Article Text

Cleaning the umbilical cord with water rather than alcohol shortened the time to separation with no change in colonisation
1. Janet Rush, RN, MHSc
1. Director of Nursing Research St Joseph's Hospital Assistant Clinical Professor McMaster University Hamilton, Ontario, Canada

Question Are there differences in time to cord separation and bacterial colonisation when using alcohol or water to clean the cord area in healthy newborn infants?

## Design

Randomised controlled trial.

## Setting

A tertiary care hospital in Alberta, Canada.

## Patients

148 newborn infants who were enrolled within 3 hours of birth. Gestational age was >36.7 weeks and all infants had an APGAR score of ≥7 at 5 minutes. Follow up was 92%.

## Intervention

Parents were shown a video on cord care that was developed for the study. Parents applied sterile water to the umbilical area using a 20 × 10 cm Kendall dressing or applied sterile alcohol using a Webcor antiseptic isopropyl alcohol pad. 65 infants in the water group and 71 infants in the alcohol group completed the study.

## Main outcome measures

Time to separation of the cord, colonisation of the umbilical area, and umbilical cord infection. Colonisation was defined as the growth of bacterial organisms which included normal skin flora, coliforms, and mixed faecal flora as well as potential pathogens. An infection was defined as the presence of foul smelling exudate, pus cells, or a raised and reddened area of skin around the umbilicus. Swabs were taken for colonisation before the first bath, on day 3, and the day the cord separated. The final 2 swabs were generally taken at home. The swab was taken at the base of the cord in a rolled method as advocated in a central line catheterisation study. Microbial growth was assessed by a trained technologist who was unaware of the cleaning solution to which each infant was assigned.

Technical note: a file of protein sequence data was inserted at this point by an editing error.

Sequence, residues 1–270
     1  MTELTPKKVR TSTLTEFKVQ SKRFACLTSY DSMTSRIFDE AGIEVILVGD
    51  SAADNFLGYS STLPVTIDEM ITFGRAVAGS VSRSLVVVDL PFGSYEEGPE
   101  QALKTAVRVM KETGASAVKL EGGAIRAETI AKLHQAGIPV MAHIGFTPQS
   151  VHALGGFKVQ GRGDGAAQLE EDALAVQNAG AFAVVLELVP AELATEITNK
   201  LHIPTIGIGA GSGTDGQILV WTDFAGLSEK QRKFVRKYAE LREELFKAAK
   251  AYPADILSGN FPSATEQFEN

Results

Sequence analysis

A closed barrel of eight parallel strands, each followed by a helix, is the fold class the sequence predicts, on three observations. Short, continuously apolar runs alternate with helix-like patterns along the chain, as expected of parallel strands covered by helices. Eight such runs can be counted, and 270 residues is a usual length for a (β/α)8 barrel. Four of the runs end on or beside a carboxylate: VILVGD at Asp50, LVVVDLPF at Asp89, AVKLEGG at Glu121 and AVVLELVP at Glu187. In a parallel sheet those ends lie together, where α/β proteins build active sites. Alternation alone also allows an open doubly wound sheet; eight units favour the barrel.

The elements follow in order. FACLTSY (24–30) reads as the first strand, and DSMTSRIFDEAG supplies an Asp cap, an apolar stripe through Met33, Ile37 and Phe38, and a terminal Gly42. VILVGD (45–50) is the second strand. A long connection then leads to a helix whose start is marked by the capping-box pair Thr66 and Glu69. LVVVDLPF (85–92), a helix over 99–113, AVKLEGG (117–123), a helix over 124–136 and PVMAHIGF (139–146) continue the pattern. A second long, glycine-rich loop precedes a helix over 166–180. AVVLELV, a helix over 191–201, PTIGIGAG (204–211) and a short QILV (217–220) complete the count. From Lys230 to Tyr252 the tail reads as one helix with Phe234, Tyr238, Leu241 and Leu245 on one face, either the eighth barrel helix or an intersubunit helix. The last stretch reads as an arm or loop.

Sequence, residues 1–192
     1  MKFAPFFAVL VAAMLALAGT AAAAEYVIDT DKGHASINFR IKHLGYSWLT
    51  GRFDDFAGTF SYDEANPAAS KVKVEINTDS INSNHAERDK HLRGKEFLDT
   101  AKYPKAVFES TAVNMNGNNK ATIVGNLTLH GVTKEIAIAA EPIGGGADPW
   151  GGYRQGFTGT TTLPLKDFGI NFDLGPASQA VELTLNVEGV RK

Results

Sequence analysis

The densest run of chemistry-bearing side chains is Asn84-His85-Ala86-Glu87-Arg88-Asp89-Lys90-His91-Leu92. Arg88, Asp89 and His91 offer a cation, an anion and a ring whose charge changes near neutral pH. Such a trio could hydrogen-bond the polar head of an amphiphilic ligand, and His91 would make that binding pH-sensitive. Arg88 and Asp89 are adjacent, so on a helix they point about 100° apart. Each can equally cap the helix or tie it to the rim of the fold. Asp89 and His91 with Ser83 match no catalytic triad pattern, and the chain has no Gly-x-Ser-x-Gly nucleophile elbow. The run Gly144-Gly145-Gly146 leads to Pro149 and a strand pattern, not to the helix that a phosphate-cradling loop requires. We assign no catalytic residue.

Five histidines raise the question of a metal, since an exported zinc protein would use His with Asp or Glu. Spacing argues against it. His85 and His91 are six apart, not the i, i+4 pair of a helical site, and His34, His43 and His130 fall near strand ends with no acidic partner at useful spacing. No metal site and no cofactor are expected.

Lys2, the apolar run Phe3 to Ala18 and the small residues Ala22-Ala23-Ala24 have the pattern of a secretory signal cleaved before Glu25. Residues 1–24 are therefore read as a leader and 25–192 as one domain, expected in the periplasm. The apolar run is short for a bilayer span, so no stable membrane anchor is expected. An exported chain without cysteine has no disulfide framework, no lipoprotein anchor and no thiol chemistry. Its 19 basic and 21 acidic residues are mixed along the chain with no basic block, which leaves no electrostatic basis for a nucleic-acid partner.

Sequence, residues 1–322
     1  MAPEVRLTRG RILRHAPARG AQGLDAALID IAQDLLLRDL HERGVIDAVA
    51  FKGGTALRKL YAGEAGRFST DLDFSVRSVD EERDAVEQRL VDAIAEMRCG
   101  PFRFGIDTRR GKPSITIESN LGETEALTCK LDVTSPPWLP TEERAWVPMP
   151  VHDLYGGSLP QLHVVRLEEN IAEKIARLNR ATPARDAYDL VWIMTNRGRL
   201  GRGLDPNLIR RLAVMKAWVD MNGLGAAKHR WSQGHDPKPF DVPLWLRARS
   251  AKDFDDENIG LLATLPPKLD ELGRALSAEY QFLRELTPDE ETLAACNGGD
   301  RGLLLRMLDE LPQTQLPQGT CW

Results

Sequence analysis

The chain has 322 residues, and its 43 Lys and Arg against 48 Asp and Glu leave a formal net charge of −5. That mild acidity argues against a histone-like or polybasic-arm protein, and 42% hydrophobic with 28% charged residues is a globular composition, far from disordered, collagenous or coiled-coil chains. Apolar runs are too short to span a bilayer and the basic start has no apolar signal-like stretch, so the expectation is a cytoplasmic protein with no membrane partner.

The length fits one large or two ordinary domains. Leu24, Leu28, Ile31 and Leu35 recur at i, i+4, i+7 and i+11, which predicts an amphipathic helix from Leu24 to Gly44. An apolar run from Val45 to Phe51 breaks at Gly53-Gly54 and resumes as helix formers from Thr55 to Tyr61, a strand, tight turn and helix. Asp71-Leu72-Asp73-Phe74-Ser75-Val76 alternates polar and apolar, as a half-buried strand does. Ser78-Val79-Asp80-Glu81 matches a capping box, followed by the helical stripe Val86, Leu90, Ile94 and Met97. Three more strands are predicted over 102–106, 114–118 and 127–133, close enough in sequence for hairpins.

## Main results

The mean time to cord separation was higher in the alcohol group (314 v 252 h, p=0.002). The groups did not differ for colonisation rates (p=0.21). Umbilical and other infections did not occur.

## Conclusions

Cleaning the umbilical cord with sterile water rather than alcohol shortened the time to cord separation. No differences were found in colonisation rates and no infections occurred in either group.

# Commentary

Although the umbilical cord plays a vital part in fetal development, the newborn's cord stump is generally thought to be a redundant feature. It receives much attention, however, from maternity staff and parents.1 As the only “open” area of the baby's body, infection can develop. Many prescriptions and proscriptions for newborn cord care have achieved ritual status in response to fears of infections, cross contamination, and parent anxiety; however, many have been based on good intention rather than on the results of rigorous scientific trials.

Medves and O'Brien studied cord care using common agents (water and isopropyl alcohol); Zupan and Garner have analysed data from another 10 original studies from developed countries on topical agents for cord care. Medves and O'Brien found that the mean time to cord separation when using sterile water for cord care was about 10.5 days, approximately 2.5 days shorter than when using isopropyl alcohol, with no differences in colonisation rates. Zupan and Garner found that the shortest time to cord separation occurred with powder (7 d), with no intervention (8 d), and with alcohol (10 d). Antiseptics (strong chlorhexidine, silver sulphadiazine, and triple dye) reduced bacterial colonisation and prolonged time to cord separation.